Submitted by aabolina on Fri, 08/29/2014 - 10:00
A journey of a thousand miles begins with a single step – so the saying goes. The diabetes journey begins with the diagnosis and to get that journey started in the right direction it has to be the right diagnosis, not only whether or not it’s diabetes but also exactly what type of diabetes is it? As articles in this Issue make plain, the wrong diagnosis will get that journey off to a very bad start.
Submitted by aabolina on Wed, 05/21/2014 - 14:46
Sir Michael Hirst, Persident IDF (2013-2015):
Submitted by aabolina on Wed, 05/21/2014 - 14:34
Linda Siminerio, Diabetes Voice Guest Editor:
Submitted by aabolina on Wed, 02/26/2014 - 13:52
Diabetes is the unresolved development issue of the 21st century
The newly released 6th edition of IDF Diabetes Atlas reports that the number of people living with diabetes rose cataclysmically to 382 million in 2013. Our evidence shows that diabetes prevalence will skyrocket by 2035. By that time, nearly 600 million people will live with diabetes, and approximately 470 million will have impaired glucose tolerance. Put another way – 1 in every 8 people worldwide, 1 billion people, will live with or be at risk of diabetes.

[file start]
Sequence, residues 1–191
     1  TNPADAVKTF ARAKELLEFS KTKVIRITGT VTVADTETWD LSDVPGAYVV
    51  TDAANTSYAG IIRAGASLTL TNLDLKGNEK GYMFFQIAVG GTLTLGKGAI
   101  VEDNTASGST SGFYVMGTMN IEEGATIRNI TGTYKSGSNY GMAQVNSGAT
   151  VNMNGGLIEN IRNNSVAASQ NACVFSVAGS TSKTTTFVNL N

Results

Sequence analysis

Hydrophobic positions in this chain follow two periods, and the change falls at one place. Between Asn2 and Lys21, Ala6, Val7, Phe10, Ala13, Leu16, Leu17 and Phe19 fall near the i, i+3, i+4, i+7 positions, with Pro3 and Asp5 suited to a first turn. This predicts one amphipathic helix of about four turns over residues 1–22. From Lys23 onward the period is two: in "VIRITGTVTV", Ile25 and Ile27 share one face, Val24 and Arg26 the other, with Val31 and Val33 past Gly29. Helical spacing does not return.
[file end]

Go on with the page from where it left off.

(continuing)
Submitted by aabolina on Wed, 02/26/2014 - 13:42
Several different battles are illustrated by the contents of this Issue of Diabetes Voice. The first of these is the battle individuals face to maintain any kind of diabetes self-care in the wake of cataclysmic natural disasters – hurricanes, typhoons, inundations, earthquakes, forest fires or whatever form these disasters may take.
Submitted by aabolina on Mon, 11/25/2013 - 16:20
Sir Michael Hirst
Successful management of diabetes is a reflection of community.
Submitted by aabolina on Mon, 11/25/2013 - 16:09
Submitted by aabolina on Fri, 08/23/2013 - 13:17
Submitted by aabolina on Fri, 08/23/2013 - 13:04
Submitted by aabolina on Thu, 05/23/2013 - 16:10
As the authentic global voice of diabetes, the International Diabetes Federation (IDF) has achieved much in fixing diabetes firmly on the international political agenda. Diabetes and other Non-communicable Diseases (NCDs) are now recognised as leading threats to development in the 21st century and to the success of the United Nations’ ambition to eradicate poverty.